Dear Mystical Seekers of Happiness:
A new flap in religion in America these days is Sokagakkai. This irrational, existential Nichiren Buddhist sect, famed for its phenomenal growth in post-war Japan, now claims a membership of 30,000 families in all fifty states, with California leading the way. Its appeal to thoroughly modern but incurably religious Americans is its promise of immediate spiritual and material happiness. All one has to do is say a four-word prayer, Nam-myoho-renge-kyo, preferably 3,000 times a day, advises international president Daisaku Ikeda.
I attended a Sokagakkai meeting—a kind of Buddhist “sock-it-to-me-time”—in a home about two thousand samurai-sword lengths from the U. S. Capitol. There thirty people—yellow, black, and white—knelt before the Gohonzon to recite their daimoku (the four-word prayer). The Gohonzon, an envelope-sized paper scroll inscribed with the Chinese characters for Nam-myoho-renge-kyo and enshrined in a fancy cabinet, is their object of worship. Recital of the prayer assures one of enlightenment, financial success, physical healing, protection from violence (even in traffic accidents), eventual unity with the spirit of the universe, and, for now, joy, joy, joy!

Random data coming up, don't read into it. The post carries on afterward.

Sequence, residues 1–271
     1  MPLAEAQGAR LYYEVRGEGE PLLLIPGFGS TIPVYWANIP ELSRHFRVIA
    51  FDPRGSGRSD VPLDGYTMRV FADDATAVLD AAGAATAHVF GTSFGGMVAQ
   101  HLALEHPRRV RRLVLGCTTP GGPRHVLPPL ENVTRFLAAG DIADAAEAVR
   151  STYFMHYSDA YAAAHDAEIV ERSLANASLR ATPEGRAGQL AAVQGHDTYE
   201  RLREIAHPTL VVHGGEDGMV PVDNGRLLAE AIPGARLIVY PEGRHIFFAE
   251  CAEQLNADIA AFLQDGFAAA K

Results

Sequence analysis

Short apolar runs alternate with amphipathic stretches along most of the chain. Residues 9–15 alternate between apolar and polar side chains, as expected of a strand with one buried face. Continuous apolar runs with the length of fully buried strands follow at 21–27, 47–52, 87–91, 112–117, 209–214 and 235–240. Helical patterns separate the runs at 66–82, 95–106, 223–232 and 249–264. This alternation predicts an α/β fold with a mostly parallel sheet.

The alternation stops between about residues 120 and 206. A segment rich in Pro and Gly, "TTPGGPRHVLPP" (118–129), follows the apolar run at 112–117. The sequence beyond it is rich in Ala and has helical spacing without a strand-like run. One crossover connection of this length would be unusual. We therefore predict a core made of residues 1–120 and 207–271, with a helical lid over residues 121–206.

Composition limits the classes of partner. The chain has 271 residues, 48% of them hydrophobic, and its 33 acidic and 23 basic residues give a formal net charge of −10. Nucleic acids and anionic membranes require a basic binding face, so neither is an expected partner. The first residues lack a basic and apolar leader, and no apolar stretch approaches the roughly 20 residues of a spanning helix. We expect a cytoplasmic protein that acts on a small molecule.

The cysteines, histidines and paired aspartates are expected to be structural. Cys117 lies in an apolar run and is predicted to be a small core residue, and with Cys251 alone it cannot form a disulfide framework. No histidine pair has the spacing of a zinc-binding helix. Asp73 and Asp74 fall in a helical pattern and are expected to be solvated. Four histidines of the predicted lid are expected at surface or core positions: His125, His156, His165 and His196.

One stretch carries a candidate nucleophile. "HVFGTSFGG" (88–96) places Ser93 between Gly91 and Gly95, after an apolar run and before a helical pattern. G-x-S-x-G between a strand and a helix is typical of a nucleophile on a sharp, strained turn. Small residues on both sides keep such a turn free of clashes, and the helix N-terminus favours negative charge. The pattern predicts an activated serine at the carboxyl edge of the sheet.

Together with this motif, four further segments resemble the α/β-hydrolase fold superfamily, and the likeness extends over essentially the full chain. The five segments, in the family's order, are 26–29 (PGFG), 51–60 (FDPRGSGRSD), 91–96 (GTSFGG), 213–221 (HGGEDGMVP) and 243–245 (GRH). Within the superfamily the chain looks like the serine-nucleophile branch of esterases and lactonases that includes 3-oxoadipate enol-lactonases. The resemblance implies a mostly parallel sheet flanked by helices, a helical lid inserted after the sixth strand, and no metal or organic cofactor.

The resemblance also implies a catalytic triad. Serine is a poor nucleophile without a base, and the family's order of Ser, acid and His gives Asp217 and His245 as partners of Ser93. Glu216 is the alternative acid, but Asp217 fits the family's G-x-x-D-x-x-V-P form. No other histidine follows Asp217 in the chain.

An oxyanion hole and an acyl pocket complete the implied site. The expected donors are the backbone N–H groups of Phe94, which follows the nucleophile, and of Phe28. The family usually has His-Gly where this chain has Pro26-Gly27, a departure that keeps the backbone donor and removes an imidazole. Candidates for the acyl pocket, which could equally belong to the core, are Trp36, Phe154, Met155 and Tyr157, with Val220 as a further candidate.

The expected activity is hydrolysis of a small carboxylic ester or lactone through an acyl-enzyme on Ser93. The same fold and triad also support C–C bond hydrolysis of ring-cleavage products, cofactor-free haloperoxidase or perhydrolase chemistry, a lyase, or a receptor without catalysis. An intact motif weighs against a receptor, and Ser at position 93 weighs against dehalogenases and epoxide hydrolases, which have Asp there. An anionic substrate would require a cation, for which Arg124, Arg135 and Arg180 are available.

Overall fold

Most of the evening was devoted to Shakubuku, the proselytizing session. First we had a time of happy songs led by a Nisei woman who used a fan for a baton. To the tune of “I’ve Been Workin’ on the Railroad,” the faithful sang, “I’ve Been Goin’ to Shakubuku.” Then the articulate leader called upon members to explain the movement’s history and practices. (“Don’t worry about understanding. Begin saying the prayer and see how faith in the Gohonzon affects your life.”) Next came testimonies of personal blessing (happiness in a new ...1
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